# Finding the distribution of a random variable made of a random vector

Firstly let's explain some signs used later:

1. $$y_1, \ldots, y_2$$ are random variables,
2. $$\mathbb{E}(y_i) = \mu_i$$,
3. $$\text{Cov}(y_i, y_j) = \sigma_{ij}$$,
4. $$Y = (y_1 \ldots y_n)^{T}$$,
5. $$\mathbb{E}(Y) = \mu = (\mu_1 \ldots \mu_n)^{T}$$,
6. $$\text{Cov}(Y) = \mathbb{E}[(Y- \mu)(Y - \mu)^{T}]$$.

Now we can define a random vector $$Y$$ with normal distribution - $$N(\mu, \Sigma)$$.
Let's consider a random variable: $$Z = (Y-\mu)^{T} \Sigma^{-1}(Y-\mu).$$ What is the distribution of $$Z$$? How can it be found?
I know that one method would be to find expected value and covariance but I don't know how. Are there any other possibilities?

• isn't it just a Chi-squared distribution? since Z is as sort of "square" of standard normals? – RScrlli Nov 20 '18 at 22:47
• @RamiroScorolli pretty much! Typically you diagonalise the quadratic form and then rewrite it as a sum of independent non-central Chi-squared random variables – Nadiels Nov 20 '18 at 23:21

You have that $$X$$ is distributed $$N(\mu,\Sigma)$$ so:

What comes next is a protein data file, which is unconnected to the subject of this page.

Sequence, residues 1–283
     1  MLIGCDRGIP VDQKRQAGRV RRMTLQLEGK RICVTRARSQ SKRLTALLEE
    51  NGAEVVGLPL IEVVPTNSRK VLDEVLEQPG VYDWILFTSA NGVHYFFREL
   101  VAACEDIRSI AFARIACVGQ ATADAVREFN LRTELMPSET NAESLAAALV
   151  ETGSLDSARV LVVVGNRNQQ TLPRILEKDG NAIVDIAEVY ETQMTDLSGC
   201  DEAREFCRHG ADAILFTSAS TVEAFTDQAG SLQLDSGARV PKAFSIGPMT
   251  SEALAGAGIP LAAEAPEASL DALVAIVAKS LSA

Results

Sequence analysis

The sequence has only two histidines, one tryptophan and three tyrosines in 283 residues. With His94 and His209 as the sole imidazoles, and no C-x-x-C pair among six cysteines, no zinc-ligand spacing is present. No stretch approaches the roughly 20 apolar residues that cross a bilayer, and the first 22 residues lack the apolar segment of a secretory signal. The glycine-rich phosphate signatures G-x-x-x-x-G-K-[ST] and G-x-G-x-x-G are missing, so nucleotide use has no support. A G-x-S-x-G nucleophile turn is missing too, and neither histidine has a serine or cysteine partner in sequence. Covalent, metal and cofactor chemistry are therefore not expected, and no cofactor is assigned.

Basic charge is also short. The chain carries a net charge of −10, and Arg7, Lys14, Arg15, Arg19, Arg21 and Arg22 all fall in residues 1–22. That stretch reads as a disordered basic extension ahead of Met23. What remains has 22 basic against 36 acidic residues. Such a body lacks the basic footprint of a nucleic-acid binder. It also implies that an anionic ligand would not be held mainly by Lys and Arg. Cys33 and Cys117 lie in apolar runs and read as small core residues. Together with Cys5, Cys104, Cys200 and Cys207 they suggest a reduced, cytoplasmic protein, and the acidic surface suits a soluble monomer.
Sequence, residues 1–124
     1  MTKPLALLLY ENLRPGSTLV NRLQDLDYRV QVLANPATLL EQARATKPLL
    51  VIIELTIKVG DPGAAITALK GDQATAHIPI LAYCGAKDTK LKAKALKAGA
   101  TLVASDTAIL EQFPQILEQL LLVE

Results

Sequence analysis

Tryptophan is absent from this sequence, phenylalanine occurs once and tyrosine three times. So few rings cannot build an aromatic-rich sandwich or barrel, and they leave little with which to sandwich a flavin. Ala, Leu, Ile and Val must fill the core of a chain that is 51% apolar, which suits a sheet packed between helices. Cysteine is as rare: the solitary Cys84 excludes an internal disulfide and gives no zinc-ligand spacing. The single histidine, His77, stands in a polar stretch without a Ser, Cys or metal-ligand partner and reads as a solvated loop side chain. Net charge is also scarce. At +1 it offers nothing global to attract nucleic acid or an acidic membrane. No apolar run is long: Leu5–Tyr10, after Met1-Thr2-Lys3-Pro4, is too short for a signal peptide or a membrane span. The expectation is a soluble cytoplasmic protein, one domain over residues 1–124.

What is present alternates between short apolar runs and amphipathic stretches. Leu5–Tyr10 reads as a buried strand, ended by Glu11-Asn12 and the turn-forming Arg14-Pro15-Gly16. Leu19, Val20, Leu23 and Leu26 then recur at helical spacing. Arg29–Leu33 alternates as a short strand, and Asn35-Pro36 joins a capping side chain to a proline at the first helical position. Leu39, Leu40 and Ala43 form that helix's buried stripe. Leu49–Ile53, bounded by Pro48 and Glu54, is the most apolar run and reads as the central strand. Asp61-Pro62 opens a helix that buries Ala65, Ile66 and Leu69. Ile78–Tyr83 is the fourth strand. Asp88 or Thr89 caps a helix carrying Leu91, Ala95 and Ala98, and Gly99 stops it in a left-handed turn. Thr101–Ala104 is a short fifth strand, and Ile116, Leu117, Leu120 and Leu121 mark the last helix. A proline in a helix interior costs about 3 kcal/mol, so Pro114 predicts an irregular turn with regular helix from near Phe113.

$$(X-\mu)\sim N(0,\Sigma)$$ and

$$\Sigma^{-1/2}(X-\mu)\sim N(0,\Sigma^{-1/2}\cdot\Sigma\cdot{\Sigma^{-1/2}}^{'})$$

$$\Sigma^{-1/2}(X-\mu)\sim N(0,\Sigma^{-1/2}\cdot\Sigma^{-1/2}({\Sigma^{1/2}}^{'}\cdot\Sigma^{1/2})\cdot{\Sigma^{-1/2}}^{'})$$ Since $$\Sigma^{-1/2}$$ is symmetric by construction (use an orthogonal eigendecomposition) this leads to:

$$\Sigma^{-1/2}(X-\mu)\sim N(0,I)$$ i.e. a standard normal.

Calculating the square of this new random variable gives us: $$(\Sigma^{-1/2}(X-\mu))^{'}\cdot \Sigma^{-1/2}(X-\mu)=(X-\mu)^{'}\Sigma^{-1}(X-\mu)$$ Which is precisely $$Z$$
Since it's the square of a Standard Normal, the distribution will be Chi-Squared with k (dimension of the vector $$y$$) df

• Thank you very much! Your solution is very smart and elegant :) – Hendrra Nov 21 '18 at 7:57
• Your welcome! Glad you found it useful – RScrlli Nov 21 '18 at 8:06